The 7th Arrondissement of Paris has its fair share of iconic monuments. There's the Eiffel Tower and the Champs de Mars, which dominate this genteel district. Add to that Musée d'Orsay, Musée Rodin, and Les Invalides, where you find Napoleon's Tomb. It's no wonder savvy travelers head to this district.
And it's no wonder food lovers flock to the 7th Arrondissement's cafes, enduring bistros, and restaurants found on Rue Cler, Rue Saint-Dominique, and around Le Bon Marché department store. Let's take a virtual walk around the 7th to see what culinary surprises are in store.
When 3-star chef Alain Passard of L'Arpege was asked where he likes to eat when he's not working, his answer made culinary headlines in France. Au Pied de Fouet is a humble bistro serving up classics like lentil salad, rillette d'oie (country-style goose paté), and grilled steaks at bargain prices.
Others must have read those headlines because today you can expect the tiny hole-in-wall to be mobbed. The decor here is vrai Parisien with a zinc bar, red-and-white checked tablecloths, and knickknacks collected over the ages strewn from ceiling to floor, all adding to the charm. Don't miss the simple, signature desserts like crême de marron (chestnut cream), fondant au chocolat, and our favorite, pruneaux au vin (prunes soaked in wine).
Au Babylone has been a family business for generations, since 1951 to be exact. Victor, Liliane and their daughters turn out four to five main dishes daily, along with a handful of homemade desserts. What's on the menu? Slow simmered leg of lamb, veal blanquette, raspberry tarts, cherry clafoutis, and seasonal fruit crumbles.
Their best advertising is the cadre of regular customers who dine at Au Babylone several times a week. Unpretentious, definitely old school, it's the kind of place you want to visit after a busy day of shopping at Le Bon Marché or Le Grande Epicerie de Paris.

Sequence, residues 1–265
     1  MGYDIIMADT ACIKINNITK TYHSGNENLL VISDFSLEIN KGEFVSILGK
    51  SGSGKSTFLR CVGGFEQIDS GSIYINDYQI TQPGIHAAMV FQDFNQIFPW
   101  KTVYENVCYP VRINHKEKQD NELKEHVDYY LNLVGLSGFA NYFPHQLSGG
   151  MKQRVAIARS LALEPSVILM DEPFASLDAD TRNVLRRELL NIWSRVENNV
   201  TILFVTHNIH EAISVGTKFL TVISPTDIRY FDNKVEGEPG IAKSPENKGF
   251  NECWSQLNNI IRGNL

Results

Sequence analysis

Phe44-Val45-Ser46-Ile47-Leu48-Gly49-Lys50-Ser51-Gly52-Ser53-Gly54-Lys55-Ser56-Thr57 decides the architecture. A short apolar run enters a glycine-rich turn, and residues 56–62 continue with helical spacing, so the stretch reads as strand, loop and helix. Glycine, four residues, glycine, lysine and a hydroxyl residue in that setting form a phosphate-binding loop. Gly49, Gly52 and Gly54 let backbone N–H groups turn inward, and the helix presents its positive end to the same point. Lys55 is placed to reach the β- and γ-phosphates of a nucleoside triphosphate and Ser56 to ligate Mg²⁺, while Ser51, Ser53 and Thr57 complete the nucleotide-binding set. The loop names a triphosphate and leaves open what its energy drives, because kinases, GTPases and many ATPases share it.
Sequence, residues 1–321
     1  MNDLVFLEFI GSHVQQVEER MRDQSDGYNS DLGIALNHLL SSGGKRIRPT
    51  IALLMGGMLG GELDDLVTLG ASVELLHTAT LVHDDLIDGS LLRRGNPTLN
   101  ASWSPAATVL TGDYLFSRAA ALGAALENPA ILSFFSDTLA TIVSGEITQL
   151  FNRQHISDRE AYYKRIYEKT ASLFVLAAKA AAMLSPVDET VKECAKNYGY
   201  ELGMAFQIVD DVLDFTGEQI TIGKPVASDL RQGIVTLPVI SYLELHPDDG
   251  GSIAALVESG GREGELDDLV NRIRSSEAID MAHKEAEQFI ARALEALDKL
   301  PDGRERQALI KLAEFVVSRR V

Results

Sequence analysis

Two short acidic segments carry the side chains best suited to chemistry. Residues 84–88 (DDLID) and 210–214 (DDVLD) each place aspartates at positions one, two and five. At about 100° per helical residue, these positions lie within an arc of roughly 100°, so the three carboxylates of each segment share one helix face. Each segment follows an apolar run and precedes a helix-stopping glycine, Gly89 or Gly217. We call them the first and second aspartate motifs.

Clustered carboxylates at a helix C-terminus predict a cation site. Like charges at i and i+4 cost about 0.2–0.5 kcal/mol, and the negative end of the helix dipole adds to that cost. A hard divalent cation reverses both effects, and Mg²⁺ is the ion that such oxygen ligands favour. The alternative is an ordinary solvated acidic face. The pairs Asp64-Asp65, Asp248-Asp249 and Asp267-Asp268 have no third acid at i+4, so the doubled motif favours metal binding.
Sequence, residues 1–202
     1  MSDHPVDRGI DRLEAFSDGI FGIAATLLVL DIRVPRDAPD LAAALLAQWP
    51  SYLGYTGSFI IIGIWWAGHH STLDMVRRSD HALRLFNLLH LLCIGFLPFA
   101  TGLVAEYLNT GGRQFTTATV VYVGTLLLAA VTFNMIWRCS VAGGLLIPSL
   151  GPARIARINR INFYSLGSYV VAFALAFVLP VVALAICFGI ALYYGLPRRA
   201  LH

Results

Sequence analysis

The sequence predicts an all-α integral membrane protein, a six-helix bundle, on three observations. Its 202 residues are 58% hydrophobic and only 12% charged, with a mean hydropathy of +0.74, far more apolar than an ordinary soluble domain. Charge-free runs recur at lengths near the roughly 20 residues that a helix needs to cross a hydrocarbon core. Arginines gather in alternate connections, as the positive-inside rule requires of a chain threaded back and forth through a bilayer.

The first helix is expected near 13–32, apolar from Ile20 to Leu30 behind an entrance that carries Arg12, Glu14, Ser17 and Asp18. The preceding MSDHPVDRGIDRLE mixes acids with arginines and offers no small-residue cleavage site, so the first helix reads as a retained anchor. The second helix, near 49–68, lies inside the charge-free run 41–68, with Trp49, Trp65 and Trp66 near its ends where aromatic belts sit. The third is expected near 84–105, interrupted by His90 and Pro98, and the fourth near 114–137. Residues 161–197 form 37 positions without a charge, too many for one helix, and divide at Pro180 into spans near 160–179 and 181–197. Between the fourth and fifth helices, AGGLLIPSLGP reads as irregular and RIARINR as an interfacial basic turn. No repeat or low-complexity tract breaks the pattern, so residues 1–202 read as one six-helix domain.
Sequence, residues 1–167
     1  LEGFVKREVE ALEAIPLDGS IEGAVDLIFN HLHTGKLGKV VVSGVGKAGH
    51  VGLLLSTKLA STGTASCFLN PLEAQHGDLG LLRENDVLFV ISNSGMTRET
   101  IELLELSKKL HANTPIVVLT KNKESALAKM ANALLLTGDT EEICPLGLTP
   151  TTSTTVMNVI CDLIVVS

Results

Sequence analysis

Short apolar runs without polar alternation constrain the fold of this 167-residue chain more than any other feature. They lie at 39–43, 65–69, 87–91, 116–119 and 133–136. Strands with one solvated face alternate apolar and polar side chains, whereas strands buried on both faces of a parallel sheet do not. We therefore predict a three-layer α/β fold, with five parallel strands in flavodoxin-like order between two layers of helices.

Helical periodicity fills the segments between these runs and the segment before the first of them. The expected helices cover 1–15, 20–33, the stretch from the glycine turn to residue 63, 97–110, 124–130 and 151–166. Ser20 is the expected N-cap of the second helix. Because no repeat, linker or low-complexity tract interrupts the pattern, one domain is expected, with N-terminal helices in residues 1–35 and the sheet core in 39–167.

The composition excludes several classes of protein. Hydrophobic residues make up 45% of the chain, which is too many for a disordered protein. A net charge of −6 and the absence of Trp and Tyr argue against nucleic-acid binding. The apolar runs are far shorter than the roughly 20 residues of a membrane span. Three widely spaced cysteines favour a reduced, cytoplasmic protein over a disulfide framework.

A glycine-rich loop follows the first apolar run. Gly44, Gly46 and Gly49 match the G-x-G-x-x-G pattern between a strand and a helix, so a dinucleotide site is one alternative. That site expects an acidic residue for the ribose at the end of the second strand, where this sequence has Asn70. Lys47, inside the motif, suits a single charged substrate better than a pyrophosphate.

Bistrot de Paris may go back to 1965, but the building it occupies goes back even further — to the Belle Époque, sporting Art Nouveau decoration like extensive woodwork, a grand staircase, and ornate mirrors. This is an old-school bistro with impeccably-set tables and the kind of French menu you dream about — escargots, salade d'endives, tangy herring in a warm bath of buttery vinaigrette, fat asparagus with mousseline sauce.
Owner Jean-Gabriel de Bueil defines himself as a collector of old bistros. His small restaurant group, started with the purchase of Bistrot de Paris in 2002, includes enduring Paris bistros rooted in culinary heritage like Chez Georges in the 2nd, Chez René in the 5th, Fred in the 17th, and Savy in the 8th. Bistrot de Paris is the perfect lunch spot after a morning at nearby Musée d'Orsay.
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We've written plenty about this classic Paris cafe/bistro that's just a stone throw from the Eiffel Tower, but we couldn't resist mentioning it one more time (in case you haven't been listening). You wouldn't expect to find this sort of bargain restaurant in the chic 7th Arrondissement — with an attractive terrace and a menu with prices that defy logic.